Tattoo Ideas: Sparrows and Swallows
First and foremost, let's understand the difference between swallows and sparrows. They are not the same thing. They are not the same bird and have vastly different meaning between them. The words swallow and sparrow cannot be used interchangeably. Swallows are a traditional old-school tattoo symbolizing enduring love that first appeared on sailors during the World Wars. Because swallows are known to always return home to San Juan Capistrano each year without fail, it was believed that sailors with a swallow tattoo would always return to their homes and families as well. Because swallows never fly too far from home, the sight of a swallow by a sailor was a symbol of hope; it meant they were close to land. Sailors with one swallow tattooed on them had traveled over 5,000 miles and a sailor with two tattoos had traveled over 10,000 nautical miles and denoted a very experienced sailor. If a sailor had the misfortune of dying at sea, legend had it that a swallow would carry his spirit to heaven. And, if a sailor had a friend who passed away, he may get a tattoo of a swallow with a dagger through it's breast. But, swallows are also an enduring symbol of love and loyalty, as swallows are monogamous creatures. They choose only one partner and will mate with them for life.
Many swallow tattoos were modeled after the barn swallow native to Europe. Blue in color, with a long, forked tail, barn swallows make their nests out of mud and are believed to represent the free blue sky and eternal happiness.
Sparrows, on the other hand, are small, brown-grey birds with stubby beaks. They are land-dwellers who subsist primarily on seeds and insects. They are NOT the tattoo to get if you're seeking to illustrate love and loyalty, or paying homage to a relative who worked as a sailor. Sparrows do have their own special symbolism, however, having been featured prominently in several works of literature. In the New Testament, Jesus assures his disciples that even a sparrow cannot fall without God's notice, implying that no suffering goes unnoticed. Likewise, Luke 12:6 says, "Are not five sparrows sold for two pennies? And not one of them is forgotten before God." In "The Dark Half" by Stephen King sparrows function as creatures that carry spirits from the land of the living to the land of the dead.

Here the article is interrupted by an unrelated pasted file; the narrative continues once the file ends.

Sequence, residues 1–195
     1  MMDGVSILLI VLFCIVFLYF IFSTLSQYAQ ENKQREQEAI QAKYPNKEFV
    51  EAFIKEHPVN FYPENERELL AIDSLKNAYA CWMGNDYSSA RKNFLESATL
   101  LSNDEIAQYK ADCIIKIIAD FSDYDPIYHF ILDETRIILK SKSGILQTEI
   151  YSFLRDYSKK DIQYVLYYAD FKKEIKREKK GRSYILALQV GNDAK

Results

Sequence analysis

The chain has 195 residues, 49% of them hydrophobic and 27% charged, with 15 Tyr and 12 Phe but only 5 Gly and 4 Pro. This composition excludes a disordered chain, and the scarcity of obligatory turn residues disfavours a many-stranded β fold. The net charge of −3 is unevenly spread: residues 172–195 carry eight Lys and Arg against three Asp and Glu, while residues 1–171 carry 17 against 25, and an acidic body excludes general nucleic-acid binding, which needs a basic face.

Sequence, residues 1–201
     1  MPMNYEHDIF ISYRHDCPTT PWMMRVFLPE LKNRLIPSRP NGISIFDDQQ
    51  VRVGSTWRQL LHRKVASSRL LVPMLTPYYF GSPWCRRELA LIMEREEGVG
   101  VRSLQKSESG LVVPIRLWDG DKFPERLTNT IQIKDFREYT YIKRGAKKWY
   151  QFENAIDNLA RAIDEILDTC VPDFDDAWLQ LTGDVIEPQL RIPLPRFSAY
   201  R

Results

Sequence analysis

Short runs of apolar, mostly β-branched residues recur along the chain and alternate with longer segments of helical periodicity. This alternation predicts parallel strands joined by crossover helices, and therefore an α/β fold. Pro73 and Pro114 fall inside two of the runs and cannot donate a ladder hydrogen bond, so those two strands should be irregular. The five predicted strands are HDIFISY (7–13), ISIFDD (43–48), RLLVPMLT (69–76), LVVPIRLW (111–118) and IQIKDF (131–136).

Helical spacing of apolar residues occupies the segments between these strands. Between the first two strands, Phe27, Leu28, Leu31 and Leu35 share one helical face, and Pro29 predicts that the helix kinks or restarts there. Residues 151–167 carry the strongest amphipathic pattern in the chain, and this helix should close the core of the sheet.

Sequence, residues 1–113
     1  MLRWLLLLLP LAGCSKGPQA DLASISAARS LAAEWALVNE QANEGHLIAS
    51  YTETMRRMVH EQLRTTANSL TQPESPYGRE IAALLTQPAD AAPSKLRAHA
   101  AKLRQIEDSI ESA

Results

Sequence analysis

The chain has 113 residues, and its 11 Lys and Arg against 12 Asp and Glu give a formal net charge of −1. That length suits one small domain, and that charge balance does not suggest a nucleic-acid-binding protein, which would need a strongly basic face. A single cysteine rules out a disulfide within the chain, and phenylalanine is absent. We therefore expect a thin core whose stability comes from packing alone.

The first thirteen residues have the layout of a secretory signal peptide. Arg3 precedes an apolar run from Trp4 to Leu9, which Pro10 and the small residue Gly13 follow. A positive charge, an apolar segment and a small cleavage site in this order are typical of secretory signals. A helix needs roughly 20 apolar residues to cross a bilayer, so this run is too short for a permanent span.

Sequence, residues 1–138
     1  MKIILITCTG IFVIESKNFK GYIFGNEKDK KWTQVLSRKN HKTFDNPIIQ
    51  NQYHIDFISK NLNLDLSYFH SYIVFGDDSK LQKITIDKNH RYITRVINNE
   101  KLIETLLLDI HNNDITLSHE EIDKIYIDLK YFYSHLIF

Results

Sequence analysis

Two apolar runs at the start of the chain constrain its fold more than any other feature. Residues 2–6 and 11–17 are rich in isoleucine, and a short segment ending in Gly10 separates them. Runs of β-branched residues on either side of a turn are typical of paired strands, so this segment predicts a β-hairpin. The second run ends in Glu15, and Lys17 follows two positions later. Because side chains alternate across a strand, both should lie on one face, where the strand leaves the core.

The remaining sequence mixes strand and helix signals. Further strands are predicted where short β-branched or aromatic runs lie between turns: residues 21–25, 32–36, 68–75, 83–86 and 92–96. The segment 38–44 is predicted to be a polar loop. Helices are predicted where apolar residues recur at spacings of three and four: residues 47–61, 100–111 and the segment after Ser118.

Despite the masculine, maritime history of the swallow, they have exploded onto the tattoo scene among men and women alike as one of the most popular images currently. Whether keeping the original Sailor Jerry 1940s design or streamlining the bird's form to fit the curve of a woman's hip, understanding the symbolism of a swallow or mistaking it for a sparrow, both birds are representative of the beauty of flight and the immense freedom it brings.